Thirty-five states have pledged to strengthen nuclear security measures through self-assessments and periodic external reviews..
|World leaders convene at the 2014 Nuclear Security Summit (Image: NSS 2014)
Almost two-thirds of the states represented at the third Nuclear Security Summit (NSS) in the Netherlands have committed themselves to measures aimed at establishing an "effective and sustainable" nuclear safety regime.
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The measures, set out in a joint statement, include commitments to improve security regimes through conducting self-assessments, hosting periodic reviews by international experts, such as the International Physical Protection Advisory Service, and acting upon the recommendations from such reviews. Subscribing states will also contribute to the improvement of the nuclear security regime through actions ranging from information exchange to financial support.
Nuclear security remains a national responsibility, with individual states expected to establish their own legal frameworks, governance structures and measures. More than 120 nations have already pledged to follow International Atomic Energy Agency (IAEA) nuclear security guidelines, although these are not mandatory. The joint declaration contains a commitment to embed these IAEA recommendations into national rules and regulations, thereby making them legally binding at the national level.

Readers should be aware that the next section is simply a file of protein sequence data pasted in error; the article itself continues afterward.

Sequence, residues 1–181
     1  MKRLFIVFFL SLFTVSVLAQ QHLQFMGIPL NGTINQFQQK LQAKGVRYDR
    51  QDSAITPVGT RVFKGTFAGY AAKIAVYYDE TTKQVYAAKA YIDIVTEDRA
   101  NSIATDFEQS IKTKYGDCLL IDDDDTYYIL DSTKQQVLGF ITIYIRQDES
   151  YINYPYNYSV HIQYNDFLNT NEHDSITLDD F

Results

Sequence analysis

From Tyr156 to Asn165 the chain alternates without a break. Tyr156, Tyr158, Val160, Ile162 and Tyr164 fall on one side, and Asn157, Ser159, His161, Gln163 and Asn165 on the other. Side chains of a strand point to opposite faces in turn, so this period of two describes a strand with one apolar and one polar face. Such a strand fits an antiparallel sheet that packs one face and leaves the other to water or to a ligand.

Algeria, Armenia, Australia, Belgium, Canada, Chile, Czech Republic, Denmark, Finland, France, Georgia, Germany, Hungary, Israel, Italy, Japan, Kazakhstan, Lithuania, Mexico, Morocco, the Netherlands, New Zealand, Norway, the Philippines, Poland, Romania, South Korea, Spain, Sweden, Turkey, Ukraine, the United Arab Emirates, the UK, the USA and Vietnam have signed up to the pledges in the joint statement.
The incorporation of national and international guidance and best practice in the implementation of nuclear security measures was the foremost in a list of recommendations made by the nuclear industry in a joint statement from its own two-day summit, held in Amsterdam in conjunction with the NSS and attended by some 200 leaders from the worldwide nuclear industry.
The joint statement recognised the industry's ongoing active role in working to improve all aspects of nuclear security, including physical protection, material accountancy and security culture, as well as working to convert research reactors to use low-enriched instead of high-enriched uranium fuel where technically and economically feasible, and to expand the use of low-enriched uranium targets for radioisotope production, whilst ensuring continuous and stable supply of the vital medical isotope molybdenum-99.
Researched and written
by World Nuclear News